Just when the Nashville Predators seemed to be skating more smoothly under new ownership the team has entered what seems to be becoming an annual event — upheaval.
This time last year, the team’s ownership was in turmoil when former owner Craig Leipold entertained offers for the ice hockey team.
Now William “Boots” Del Biaggio — the Silicon Valley minority owner whose involvement helped make the deal happen — perhaps was trying to sit at the adult table when he should have been sitting at the kid’s table.
Lawsuits against him claiming fraud, a federal investigation and bankruptcy have nixed his ability to personally guarantee $9.8 million of the $50-million exit fee should the team break the lease and leave.
Members of the David Freeman-led local ownership group easily could end any worries from the Metro Sports Authority over Del Biaggio’s portion of the personal guarantee by picking it up themselves until a buyer can be found for Del Biaggio’s 27-percent stake.
Of course, it’s not easy on the individuals.
Guaranteeing another $9.8 million puts a bigger crimp in each of their abilities to obtain loans in their private lives for the next 20 years. Every time they go to borrow money even for a home they have to list that added contingent liability.
Folks opposed to the Predators deal won’t feel sorry for them. Still, the local ownership group could easily end any city discussion about default.
Now, there’s the question of what to do with Del Biaggio’s share. That may take some time to answer.
The upside to the San Jose businessman’s situation is that his ownership stake doesn’t include a requirement to put more money into the team should more be needed to cover operating losses or if the owners want to chase a player.
It is probably good that Del Biaggio’s role had been limited, even though at one point, this guy seemed to hold all the cards.
He was the man who might buy the team.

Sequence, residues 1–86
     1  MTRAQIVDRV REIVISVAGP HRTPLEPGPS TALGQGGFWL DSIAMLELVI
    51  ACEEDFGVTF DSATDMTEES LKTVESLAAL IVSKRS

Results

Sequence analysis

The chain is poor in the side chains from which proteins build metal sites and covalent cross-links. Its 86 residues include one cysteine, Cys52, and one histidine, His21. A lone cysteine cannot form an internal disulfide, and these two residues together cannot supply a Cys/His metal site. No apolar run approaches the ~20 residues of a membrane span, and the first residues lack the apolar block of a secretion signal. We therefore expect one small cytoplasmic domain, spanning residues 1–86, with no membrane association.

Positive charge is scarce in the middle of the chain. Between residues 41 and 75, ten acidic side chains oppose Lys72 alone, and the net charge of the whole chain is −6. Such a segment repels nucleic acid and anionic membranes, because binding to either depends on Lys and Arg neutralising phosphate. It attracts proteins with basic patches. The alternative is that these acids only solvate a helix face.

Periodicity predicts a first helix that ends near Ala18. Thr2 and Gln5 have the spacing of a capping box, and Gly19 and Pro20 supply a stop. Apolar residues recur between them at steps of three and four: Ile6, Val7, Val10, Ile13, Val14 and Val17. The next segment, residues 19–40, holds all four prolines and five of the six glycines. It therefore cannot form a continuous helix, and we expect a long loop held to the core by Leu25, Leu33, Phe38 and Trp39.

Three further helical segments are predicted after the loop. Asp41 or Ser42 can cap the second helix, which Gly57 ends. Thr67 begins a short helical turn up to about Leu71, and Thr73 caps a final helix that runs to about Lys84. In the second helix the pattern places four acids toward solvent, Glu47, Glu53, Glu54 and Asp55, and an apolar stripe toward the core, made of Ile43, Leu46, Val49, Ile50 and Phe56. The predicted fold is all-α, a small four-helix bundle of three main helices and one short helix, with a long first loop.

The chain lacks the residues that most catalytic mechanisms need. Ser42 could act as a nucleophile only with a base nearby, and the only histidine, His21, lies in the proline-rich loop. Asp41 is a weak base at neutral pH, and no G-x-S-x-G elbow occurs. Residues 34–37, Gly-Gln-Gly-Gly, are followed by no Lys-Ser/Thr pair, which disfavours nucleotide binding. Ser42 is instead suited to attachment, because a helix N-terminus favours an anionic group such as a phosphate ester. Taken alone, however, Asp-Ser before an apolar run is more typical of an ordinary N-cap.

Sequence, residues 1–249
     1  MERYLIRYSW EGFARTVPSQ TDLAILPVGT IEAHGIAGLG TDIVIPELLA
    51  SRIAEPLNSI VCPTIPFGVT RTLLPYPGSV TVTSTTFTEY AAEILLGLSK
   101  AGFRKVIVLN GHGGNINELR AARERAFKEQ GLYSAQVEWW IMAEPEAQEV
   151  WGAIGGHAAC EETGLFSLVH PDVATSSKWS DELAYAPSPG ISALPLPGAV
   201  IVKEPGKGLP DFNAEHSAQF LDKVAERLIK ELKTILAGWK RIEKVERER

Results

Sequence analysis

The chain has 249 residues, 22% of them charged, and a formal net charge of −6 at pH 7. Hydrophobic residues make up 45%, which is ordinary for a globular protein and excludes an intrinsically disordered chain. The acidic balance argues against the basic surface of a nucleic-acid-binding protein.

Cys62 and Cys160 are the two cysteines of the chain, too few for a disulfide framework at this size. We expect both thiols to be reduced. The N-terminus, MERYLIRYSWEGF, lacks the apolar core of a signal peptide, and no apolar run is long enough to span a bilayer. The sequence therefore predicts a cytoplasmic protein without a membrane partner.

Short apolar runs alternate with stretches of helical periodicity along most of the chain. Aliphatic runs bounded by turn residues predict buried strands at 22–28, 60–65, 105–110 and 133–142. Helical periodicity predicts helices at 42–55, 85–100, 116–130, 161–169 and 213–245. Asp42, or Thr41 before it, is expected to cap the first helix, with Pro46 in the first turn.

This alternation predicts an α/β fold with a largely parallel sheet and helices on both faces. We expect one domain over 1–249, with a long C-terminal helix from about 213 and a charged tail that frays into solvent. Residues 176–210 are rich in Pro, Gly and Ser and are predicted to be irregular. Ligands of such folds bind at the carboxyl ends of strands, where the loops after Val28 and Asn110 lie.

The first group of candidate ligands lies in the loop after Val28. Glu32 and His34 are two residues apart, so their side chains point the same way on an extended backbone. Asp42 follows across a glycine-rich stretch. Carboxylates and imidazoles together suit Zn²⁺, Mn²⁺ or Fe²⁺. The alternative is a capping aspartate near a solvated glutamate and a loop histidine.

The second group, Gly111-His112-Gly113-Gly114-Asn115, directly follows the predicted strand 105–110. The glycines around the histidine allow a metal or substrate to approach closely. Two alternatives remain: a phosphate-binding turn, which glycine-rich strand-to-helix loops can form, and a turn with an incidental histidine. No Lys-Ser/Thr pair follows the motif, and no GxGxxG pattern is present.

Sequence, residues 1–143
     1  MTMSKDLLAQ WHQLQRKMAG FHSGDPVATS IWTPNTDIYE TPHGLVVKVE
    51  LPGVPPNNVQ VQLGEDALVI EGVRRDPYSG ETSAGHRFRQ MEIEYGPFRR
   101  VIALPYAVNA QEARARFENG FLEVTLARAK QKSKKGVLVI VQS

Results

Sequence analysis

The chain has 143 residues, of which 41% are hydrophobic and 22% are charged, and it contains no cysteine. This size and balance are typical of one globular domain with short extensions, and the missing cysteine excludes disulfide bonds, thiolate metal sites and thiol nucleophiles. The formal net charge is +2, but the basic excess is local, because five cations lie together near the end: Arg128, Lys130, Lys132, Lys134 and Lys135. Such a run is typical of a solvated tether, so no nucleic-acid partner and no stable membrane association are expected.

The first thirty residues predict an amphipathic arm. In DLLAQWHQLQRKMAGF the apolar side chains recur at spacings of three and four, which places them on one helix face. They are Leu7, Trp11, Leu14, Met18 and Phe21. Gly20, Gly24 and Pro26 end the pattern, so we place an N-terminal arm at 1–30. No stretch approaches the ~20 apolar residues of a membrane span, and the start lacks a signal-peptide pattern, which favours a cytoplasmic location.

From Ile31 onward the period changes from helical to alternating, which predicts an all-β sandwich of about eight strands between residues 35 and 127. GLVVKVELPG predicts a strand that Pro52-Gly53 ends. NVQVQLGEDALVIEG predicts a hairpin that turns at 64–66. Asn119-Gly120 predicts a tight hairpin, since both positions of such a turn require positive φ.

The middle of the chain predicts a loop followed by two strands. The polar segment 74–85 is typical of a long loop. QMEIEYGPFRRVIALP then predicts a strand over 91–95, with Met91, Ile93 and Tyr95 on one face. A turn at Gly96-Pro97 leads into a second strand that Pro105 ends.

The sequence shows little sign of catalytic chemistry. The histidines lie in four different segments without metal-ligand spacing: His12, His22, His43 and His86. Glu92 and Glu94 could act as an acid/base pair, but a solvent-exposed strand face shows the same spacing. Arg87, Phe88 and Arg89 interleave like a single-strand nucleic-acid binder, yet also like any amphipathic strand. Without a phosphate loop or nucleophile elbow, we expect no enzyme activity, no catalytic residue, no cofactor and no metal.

He was the man who might have moved the team to Kansas City.
Several years ago, he was the man who was going to save the Pittsburgh Penguins from financial ruin.
Del Biaggio was ‘the man’ with the NHL. He was a known quantity because of his minor stake in the San Jose Sharks and the league liked him — so much so, in fact, that it was willing to put him ahead of billionaire Jim Balsillie in buying the Predators.
Instead, it turns out Del Biaggio was living in a house of cards. If anyone has egg on their face, it’s the NHL’s top officials.
On Friday at a meeting where attorneys announced the ownership group should find a Del Biaggio replacement by Aug. 4, Metro Sports Authority attorney Larry Thrailkill didn’t mince words.
“Mr. Del Biaggio is the one to blame,” he said.
Del Biaggio wasn’t necessarily the local ownership group’s choice. That was more like a shotgun marriage to make a deal happen and beat the clock. Interestingly, in the middle of the negotiations in the final hours of the exclusivity period last October, Del Biaggio brought Doug Bergeron, chief executive office of San Jose-based VeriFone, into the negotiations.
For whatever reason, Bergeron didn’t get involved. Perhaps now everyone knows why. Bergeron, as a director of DGB Investments, signed the lawsuit against Del Biaggio claiming the Predators investor had fraudulently obtained a $3 million loan last November.
That month, the deal with the local ownership group and Del Biaggio was moving fast and furious. When the loan came due in May, Del Biaggio apparently couldn’t pay it and was sued.
Had the local ownership group been able to hold off for a few months it may have known that it was about to bed down with trouble and nixed ‘Boots.’ The group didn’t have time.
But that gets filed under “coulda, shoulda, woulda.”
For now, it will take time to unravel Del Biaggio’s involvement.
The Chatter Class appears Mondays in The City Paper. Comments may be sent to firstname.lastname@example.org